16 March 2013

Driving ovesized

It ruled. Really.
One of the defining rites of passage for the American teenager is getting a drivers license. We've been through it four times now with our three children (thank you, Connecticutistan and the Dear Leaders who rule here for making the Boy start all over again behind the Nutmeg Curtain). Based on the number of the Boy's friends who don't have licenses, I'm wondering if the allure of a license is not nearly as strong as it was more than thirty years ago when I was pining to drive.

I could not WAIT to get behind the wheel and drive. When I was at the point where I could learn to drive, like any good LDS family, in spite of only having three children, we had a Chevrolet Suburban. This 1979 model was bright yellow (so it could match the boat it pulled since my mom's inclination to have theme for everything extended itself way beyond parties) and it sat nine in three benches that were much like the benches that we sat in at church. With its built-in 8-track tape player and metal tinting (yes, metal tinting, you could cut yourself on it), it was awesome.

It was as daunting as it was exciting the first time I got behind the wheel of that leviathan. Remember, puberty came late for me and I was tipping the scales at about 120 dorkish pounds, three of which included the weight of my excessively thick eyeglasses that turned dark in the sun in yet another misguided attempt at trying to be cool, so taking control of a few tons of American-made metal was terrifying. The steering wheel seemed like it belonged on the bridge of a cruise ship instead of my scrawny hands. This is pretty much what I was trying to control:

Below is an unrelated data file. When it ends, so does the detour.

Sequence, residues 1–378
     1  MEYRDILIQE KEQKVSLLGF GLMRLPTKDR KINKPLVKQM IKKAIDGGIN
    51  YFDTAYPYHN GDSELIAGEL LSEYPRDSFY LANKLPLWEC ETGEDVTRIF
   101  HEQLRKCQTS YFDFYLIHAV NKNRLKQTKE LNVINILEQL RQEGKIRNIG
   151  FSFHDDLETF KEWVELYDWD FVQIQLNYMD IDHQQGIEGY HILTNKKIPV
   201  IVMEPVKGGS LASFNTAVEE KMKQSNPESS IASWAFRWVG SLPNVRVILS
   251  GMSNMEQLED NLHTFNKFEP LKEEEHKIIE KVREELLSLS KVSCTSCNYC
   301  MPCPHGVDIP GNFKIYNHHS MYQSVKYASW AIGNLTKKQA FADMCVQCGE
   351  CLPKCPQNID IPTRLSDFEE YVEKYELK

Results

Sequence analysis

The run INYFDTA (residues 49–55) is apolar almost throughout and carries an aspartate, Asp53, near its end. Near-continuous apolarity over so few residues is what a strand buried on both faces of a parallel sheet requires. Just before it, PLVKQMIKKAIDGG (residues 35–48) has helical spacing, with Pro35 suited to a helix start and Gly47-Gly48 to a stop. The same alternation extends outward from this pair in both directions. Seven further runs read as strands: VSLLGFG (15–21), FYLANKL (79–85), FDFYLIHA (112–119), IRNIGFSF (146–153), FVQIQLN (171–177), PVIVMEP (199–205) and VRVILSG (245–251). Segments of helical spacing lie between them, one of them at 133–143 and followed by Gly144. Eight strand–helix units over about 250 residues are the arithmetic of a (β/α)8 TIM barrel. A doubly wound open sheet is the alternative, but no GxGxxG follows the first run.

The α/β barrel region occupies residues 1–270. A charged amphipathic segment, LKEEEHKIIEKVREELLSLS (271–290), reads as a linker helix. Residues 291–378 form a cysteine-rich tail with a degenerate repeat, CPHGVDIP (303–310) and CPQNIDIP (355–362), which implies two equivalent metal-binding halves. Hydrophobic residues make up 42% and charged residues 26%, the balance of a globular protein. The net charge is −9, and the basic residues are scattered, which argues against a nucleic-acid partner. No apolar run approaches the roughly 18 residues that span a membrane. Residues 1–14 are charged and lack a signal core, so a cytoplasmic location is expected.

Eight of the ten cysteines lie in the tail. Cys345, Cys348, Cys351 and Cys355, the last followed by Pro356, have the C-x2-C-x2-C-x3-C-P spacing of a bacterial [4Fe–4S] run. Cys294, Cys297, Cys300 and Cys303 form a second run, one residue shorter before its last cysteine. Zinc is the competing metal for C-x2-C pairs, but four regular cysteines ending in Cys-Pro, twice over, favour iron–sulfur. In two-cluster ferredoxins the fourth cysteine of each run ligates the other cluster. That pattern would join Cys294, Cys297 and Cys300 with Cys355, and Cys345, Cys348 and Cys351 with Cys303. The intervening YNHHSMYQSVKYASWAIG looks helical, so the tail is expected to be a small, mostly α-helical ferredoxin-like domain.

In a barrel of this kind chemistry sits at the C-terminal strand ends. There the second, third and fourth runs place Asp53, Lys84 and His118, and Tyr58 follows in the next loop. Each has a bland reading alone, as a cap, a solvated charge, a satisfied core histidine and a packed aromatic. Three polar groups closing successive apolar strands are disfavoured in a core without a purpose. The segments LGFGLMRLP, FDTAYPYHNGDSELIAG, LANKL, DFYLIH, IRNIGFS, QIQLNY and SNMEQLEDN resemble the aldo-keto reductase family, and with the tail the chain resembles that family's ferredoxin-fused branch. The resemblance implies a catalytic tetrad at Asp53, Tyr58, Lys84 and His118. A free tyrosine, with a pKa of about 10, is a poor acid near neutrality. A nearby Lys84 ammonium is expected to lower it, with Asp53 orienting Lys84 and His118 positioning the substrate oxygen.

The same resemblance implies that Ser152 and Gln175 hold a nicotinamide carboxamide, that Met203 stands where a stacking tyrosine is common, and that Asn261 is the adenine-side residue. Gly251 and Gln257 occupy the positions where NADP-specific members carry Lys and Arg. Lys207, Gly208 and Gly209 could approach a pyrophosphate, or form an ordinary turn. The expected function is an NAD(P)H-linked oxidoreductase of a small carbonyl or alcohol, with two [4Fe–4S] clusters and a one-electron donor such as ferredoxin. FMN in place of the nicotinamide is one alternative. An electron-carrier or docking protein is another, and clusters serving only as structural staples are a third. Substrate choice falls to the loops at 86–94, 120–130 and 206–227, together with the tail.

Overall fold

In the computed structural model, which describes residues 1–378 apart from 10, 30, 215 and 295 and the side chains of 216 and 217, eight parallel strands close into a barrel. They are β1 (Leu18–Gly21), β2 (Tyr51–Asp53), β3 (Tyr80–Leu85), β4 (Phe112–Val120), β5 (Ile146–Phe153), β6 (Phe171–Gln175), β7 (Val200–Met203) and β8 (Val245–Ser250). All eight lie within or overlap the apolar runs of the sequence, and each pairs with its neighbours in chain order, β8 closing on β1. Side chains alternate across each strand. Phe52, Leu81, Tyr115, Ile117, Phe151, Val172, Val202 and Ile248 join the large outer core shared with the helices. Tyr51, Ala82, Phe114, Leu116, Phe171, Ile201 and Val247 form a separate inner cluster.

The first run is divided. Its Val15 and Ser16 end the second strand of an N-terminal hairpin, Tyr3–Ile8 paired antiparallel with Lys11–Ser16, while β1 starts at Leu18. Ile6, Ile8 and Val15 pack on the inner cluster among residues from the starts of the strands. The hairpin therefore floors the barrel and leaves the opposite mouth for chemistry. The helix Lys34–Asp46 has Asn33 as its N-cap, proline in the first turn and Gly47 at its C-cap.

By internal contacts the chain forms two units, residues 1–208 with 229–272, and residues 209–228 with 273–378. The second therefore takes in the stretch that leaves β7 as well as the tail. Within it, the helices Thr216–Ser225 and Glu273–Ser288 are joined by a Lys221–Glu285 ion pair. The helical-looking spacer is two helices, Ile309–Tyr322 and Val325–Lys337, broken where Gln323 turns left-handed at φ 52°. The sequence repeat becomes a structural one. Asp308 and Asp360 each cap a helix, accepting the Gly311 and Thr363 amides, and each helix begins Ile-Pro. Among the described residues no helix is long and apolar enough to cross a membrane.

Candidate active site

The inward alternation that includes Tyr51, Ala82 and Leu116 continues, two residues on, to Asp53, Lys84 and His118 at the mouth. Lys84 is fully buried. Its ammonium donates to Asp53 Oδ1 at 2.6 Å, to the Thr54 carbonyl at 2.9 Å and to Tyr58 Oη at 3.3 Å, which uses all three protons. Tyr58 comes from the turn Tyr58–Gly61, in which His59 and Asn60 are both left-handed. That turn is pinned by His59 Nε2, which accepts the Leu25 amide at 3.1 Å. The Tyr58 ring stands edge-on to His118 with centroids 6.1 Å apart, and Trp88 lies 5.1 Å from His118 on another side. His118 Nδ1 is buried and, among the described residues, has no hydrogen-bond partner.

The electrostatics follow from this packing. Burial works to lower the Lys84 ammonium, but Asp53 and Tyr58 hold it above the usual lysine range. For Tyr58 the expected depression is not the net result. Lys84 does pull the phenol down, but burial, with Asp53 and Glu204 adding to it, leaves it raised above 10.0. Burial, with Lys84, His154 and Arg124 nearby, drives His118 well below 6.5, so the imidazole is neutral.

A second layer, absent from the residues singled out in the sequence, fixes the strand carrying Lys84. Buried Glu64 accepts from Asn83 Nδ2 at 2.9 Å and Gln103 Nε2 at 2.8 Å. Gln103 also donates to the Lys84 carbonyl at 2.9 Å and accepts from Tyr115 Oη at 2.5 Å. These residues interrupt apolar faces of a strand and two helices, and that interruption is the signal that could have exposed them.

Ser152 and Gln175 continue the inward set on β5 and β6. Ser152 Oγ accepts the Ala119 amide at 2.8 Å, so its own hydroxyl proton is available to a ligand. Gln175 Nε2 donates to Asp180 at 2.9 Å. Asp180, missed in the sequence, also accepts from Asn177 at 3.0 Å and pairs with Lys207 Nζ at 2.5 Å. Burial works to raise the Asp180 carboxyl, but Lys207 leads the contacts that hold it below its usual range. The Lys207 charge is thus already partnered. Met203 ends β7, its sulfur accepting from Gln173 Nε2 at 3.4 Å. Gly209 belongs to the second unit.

On the bridge of the U.S.S. Suburban
Once I started driving this land yacht, the terror morphed into exuberance as I realized I was commanding what was essentially a land-based aircraft carrier. I got pretty adept at parking it, or rather, I got adept at disregarding the lines in which one would normally park and learned to just park it where I felt appropriate. My buddies and I had fun taking it to the river. It was the preferred mode of transportation to Stake Dances. I was always amazed how a nine-passenger SUV could accommodate 14 or 15 people with ease. Those were good, good times.

That experience imbued in me a desire to always want to drive a bigger car/ SUV. I liked the irrational confidence it gave me as a new driver but practicality had to take center stage as grew up. I got close a few years ago when I had my 4Runner as my non-commuter car when we lived in SoCal. But today, when I parked the Yukon next to a non-descript Kia, I just smiled. I was 16 again there for a second thinking this big chunk of metal I'm driving could mow over that little car and no one would be the wiser. Fortunately, I'm arguably a whole lot wiser now, so I settled in, turned on the 80's station on the XM and thought about how fun it was to learn to drive in a land yacht. And that it ain't all bad driving a smaller version of one now, thirty plus years later.

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